The Power Process:

To begin to understand the process of forces that produces power, we must consider the laws of physics and how these apply to the bicycle rider. While cadence multiplied by strength equals power, cadence and strength themselves have limits dictated by the riders cardiovascular capacity and efficiency of movement, or coordination.

Power = Work x Time

In basic terms this means a cyclist moves forward by pushing on the pedals for a given time period. (Technically if a rider pushes on the pedals but the bike is prevented from moving forward, and therefore the crankarms do not move, then the rider has produced a force but not work).

Breaking this equation down, if we look at what makes up Work we get:

Work = Force x Distance

This means as a rider applies Force (from muscle strength) times Distance (rotation of the crankarms) we get a measure of Work. More Force requires more strength. To produce Power then, a rider applies Force (the leg strength) over a Distance (the crank revolution) to create Work for a period of Time.

Force = Inertial Mass x Acceleration

(Inertial Mass is the pushing leg and Acceleration is the legs tendency to begin to rotate the crankarm)

Torque = Rotation x Force

Torque is the tendency of a Force to rotate an object about an axis. What this means is that Torque = Force (muscle strength) x Length of lever arm (crankarm in the case of a bicycle).

Power Output = Torque

(Force applied to a crankarm by strength of riders leg) x Rotational Speed (frequency of the applied Torque, high RPM/lower Torque =low RPM/higher Torque) x Time

Power = ((Mass x Acceleration) x Distance) x Time

An endurance rider must be able to maintain a low percentage of their max force to utilise slow twitch muscle fibers to minimise fatigue during the event. If a rider does not have sufficient aerobic capacity or cannot develop sufficient aerobic capacity to main a high cadence (therefore low percentage of max force) then the rider must gain more muscular strength to be able to perform at the required power output. A rider should create a fitness profile of different aspects and limits of their physiological capacity to be able to improve their performance in desired areas as effectively and efficiently as possible. Just performing a standard V02 Max test does not provide in depth enough and adequate enough information to write a training program to result in maximum power output gains.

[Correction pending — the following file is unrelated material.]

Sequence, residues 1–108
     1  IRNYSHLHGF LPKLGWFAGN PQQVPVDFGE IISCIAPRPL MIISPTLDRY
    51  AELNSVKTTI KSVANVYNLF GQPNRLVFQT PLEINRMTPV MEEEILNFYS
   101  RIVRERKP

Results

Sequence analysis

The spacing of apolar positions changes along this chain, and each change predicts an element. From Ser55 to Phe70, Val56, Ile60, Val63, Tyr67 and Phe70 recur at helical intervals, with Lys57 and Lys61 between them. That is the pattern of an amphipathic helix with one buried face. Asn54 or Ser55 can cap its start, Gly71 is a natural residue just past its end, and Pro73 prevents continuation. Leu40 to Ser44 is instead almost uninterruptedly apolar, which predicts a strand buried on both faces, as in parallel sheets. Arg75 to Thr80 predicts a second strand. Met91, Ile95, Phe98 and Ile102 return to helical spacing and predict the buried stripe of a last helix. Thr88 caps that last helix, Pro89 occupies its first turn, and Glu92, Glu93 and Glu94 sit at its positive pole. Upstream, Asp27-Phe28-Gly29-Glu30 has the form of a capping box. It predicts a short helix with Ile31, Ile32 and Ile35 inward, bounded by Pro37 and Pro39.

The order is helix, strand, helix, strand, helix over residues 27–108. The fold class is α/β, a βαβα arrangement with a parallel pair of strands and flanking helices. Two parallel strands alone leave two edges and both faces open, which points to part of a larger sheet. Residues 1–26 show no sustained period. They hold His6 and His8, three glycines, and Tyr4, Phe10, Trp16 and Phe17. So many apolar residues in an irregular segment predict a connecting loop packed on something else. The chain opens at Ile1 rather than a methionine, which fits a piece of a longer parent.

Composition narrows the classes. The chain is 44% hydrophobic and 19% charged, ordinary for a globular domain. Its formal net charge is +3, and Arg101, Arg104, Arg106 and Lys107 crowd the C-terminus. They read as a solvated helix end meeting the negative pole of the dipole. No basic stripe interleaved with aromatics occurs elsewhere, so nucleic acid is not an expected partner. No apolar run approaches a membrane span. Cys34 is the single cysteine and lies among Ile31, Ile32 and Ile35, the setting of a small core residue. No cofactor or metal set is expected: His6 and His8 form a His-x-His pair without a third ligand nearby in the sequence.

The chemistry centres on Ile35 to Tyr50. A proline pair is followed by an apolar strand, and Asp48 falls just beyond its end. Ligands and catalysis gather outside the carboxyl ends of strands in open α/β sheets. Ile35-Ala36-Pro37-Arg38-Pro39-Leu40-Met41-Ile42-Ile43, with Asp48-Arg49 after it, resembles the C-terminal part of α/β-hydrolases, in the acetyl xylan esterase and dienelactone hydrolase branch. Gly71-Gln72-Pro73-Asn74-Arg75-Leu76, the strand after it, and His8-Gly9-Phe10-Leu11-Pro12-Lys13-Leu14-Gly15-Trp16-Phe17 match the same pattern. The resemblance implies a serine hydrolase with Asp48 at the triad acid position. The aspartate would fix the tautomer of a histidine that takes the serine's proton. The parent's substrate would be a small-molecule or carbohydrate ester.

Rotational Inertia:

Inertia is the resistance of any object to a change in its state of motion or rest. This is important because the rotational inertia of a stationary trainer resistance unit has a significant influence on a riders power application and pedaling coordination.

High inertia trainers use heavy rotating units and generally replicate riding on a flat road at low to mid power outputs. They can struggle however, to provide enough resistance at high power outputs. A high inertia trainer only requires force to be applied on the down stroke of the pedal cycle, limiting muscular training benefit. Once the heavy fan or flyweight builds up momentum, the rider has then “topped-out” the trainer, where an increase in pedal speed in the hardest gear does not have any significant effect on resistance.

Virtually any tire-roller type trainer is a low inertia/high friction device. Manufacturers attempt to overcome the friction and add resistance with flyweights. At low pedal speeds the high friction causes a stalling effect through the pedal stroke “dead-center” which forces the rider to employ a compensatory pedaling technique.

The Revbox Erg with huge diameter fan relies solely on air as resistance and will increase exponentially, making it impossible to “top-out”. The fan is very lightweight, minimising rotational inertia for maximum muscle activation while pedaling. The chain drive connection has the lowest possible friction and provides the exact conditions a rider needs to perform high intensity training at any pedal speed and any power output.